FIGURE 5.

Overexpression of delta-like 1 but not Jagged2 on DCs augments antitumor responses by CD8+ T cells. Mouse full-length dll1 or Jagged2 was overexpressed in BMDCs (DL1-DCs and Jagged2-DCs) cultured with irradiated EG7 tumor cells for 2 d. (A) DL1-DCs (closed) or cont-DCs (open) or (B) Jagged2-DCs (closed) or cont-DCs (open) were inoculated into proximal regions of tumors in C57BL/6 mice 10, 12, and 14 d after injecting EG7 cells, and tumor size was monitored. Lymph node cells were recovered 12 d after tumor inoculation and were cultured with irradiated spleen cells in the presence of OVA peptide and recombinant human IL-2 (5 U/ml) for 5 d. Cytolytic activity against EL4 cells pulsed with (closed) or without (open) OVA peptide was evaluated by 51Cr release assay. Killing activity of T cells from mice that received (C) DL1-DCs (square), or cont-DCs (circle) or (D) Jagged2-DCs (square) or cont-DCs (circle) is shown. Results are shown as mean ± SD. *p < 0.01. The experiments are representative of four independent experiments.

Close modal

Notch signaling controls mature T cell differentiation and activation by directly regulating transcription of effector molecules (7, 8, 14, 15). In particular, our group has recently demonstrated that Notch2 signaling directly controls CTL effector molecules, including granzyme B, by integrating RBP-J and CREB1 (8). In this study, we revealed that Notch2, but not Notch1, signaling in CD8+ T cells is required for efficient induction of antitumor CTLs. Furthermore, treating tumor-bearing mice with anti-Notch2 mAb or DL1-DCs strengthened antitumor CTL responses. These data indicate that Notch2 signaling is required for augmenting antitumor CTL activity and suggest that manipulation of Notch2 signaling might provide a new clinical approach for cancer immunotherapy.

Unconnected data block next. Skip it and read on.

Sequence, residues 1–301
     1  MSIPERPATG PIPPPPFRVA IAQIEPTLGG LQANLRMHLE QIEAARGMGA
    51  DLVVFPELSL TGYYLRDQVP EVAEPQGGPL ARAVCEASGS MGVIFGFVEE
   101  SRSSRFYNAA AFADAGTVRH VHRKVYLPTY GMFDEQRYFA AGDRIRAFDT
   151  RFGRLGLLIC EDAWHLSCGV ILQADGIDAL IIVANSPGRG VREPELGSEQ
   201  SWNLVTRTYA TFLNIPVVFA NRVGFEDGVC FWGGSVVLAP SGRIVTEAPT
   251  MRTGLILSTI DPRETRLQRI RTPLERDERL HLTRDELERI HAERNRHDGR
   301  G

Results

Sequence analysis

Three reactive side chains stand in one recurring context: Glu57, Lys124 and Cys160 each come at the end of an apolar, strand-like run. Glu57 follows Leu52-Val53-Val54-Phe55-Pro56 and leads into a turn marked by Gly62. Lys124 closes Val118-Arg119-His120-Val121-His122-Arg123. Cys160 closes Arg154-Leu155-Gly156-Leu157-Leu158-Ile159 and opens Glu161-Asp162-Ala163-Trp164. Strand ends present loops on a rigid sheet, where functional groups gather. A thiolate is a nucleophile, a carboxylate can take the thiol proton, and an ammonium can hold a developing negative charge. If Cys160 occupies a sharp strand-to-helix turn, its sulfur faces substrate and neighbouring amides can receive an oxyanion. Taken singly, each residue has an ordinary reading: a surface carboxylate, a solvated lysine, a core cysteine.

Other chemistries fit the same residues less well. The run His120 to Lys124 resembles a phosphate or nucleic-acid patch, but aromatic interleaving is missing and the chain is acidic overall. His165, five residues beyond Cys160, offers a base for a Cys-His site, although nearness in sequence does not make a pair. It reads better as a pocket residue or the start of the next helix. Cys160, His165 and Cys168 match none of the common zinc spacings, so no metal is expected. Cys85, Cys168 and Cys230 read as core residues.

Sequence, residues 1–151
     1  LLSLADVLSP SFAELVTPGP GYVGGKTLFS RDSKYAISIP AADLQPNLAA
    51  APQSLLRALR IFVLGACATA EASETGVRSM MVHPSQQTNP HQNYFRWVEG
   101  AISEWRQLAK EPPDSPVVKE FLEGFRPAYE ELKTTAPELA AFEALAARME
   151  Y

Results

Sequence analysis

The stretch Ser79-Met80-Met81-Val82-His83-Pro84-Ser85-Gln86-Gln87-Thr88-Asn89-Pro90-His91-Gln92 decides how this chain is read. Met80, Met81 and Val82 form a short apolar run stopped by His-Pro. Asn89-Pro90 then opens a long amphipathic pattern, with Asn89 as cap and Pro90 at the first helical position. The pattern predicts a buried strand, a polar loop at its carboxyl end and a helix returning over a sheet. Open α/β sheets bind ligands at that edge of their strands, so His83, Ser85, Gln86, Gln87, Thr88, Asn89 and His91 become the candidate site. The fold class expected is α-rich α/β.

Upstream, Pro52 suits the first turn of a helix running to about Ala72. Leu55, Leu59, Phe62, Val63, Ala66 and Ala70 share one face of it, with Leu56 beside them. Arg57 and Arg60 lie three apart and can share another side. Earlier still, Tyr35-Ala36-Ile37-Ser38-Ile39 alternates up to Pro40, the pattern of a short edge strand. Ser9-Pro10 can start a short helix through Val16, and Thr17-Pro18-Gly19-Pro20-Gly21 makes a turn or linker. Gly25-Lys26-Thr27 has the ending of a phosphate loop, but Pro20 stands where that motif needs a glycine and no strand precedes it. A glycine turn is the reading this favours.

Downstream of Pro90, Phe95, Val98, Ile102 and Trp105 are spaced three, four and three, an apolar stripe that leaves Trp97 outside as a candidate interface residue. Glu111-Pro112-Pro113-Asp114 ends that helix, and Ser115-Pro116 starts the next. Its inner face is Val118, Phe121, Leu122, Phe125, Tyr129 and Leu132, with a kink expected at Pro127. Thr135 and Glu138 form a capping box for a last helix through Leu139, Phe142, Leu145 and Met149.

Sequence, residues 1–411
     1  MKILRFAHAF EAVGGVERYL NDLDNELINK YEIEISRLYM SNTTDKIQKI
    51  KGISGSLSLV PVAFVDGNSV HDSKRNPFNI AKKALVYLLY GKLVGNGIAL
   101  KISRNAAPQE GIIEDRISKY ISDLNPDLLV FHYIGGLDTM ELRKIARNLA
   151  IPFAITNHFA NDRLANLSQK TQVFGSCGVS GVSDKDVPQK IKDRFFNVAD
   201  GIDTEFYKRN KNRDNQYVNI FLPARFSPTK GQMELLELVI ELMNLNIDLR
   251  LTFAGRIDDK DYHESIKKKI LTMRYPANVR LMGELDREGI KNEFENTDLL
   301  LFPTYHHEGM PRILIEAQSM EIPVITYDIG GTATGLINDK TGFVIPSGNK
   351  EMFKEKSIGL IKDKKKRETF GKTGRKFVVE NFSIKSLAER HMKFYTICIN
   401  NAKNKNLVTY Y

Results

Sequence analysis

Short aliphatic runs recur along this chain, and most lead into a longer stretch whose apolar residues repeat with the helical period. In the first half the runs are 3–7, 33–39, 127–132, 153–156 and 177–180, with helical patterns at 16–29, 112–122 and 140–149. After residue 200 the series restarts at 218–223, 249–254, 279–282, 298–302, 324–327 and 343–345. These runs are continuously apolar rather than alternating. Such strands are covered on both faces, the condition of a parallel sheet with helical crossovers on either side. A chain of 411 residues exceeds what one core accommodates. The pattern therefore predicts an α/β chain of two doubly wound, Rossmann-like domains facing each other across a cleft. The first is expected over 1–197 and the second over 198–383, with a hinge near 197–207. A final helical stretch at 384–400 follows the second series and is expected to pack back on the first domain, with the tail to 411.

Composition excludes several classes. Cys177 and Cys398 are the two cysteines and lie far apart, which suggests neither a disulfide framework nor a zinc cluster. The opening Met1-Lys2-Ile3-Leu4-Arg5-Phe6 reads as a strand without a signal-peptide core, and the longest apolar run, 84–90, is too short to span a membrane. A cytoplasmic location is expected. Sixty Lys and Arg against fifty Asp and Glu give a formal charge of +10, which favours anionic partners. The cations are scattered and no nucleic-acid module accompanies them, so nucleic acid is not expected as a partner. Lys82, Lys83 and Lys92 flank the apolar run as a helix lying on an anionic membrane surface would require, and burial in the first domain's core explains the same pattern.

We have recently demonstrated that Notch signaling controls cytotoxic responses in both CTL and NK cells (8, 9). These data suggest that Notch signaling is a crucial signaling pathway required for cytotoxic responses in immune cells. In the studies described in this report, we found that deficiency of Notch2 but not Notch1 decreased the antitumor responses in vivo, although Notch1 is highly expressed on activated CD8+ T cells (8). These data suggest a lower affinity of Notch1 and Notch ligands present in our tumor model relative to those that activate the Notch2 pathway in CD8+ T cells. Notch–Notch ligand interaction is tightly regulated by Notch glycosylation (16), which might be crucial for the distinct Notch receptor utilization controlling CTL responses that we observe. We also found that treatment with anti-Notch2 agonistic Ab in tumor-bearing mice increased antitumor responses. These data strongly suggest that the major target cells for anti-Notch2 mAb in terms of antitumor effects would be CD8+ T cells, although we cannot completely deny the possibility that anti-Notch2 mAb interacts with Notch2 on non-CD8+ T cells, which may indirectly affect Notch2 signaling in CD8+ T cells. Notch2 is widely expressed on many tissues, and thus treatment with anti-Notch2 mAb might have some adverse effects for the host, although we have never seen any macroscopic changes in mice after Ab treatment. Nevertheless, to reduce the possibility of adverse effects of anti-Notch2 mAb, the appropriate route or dose must be considered.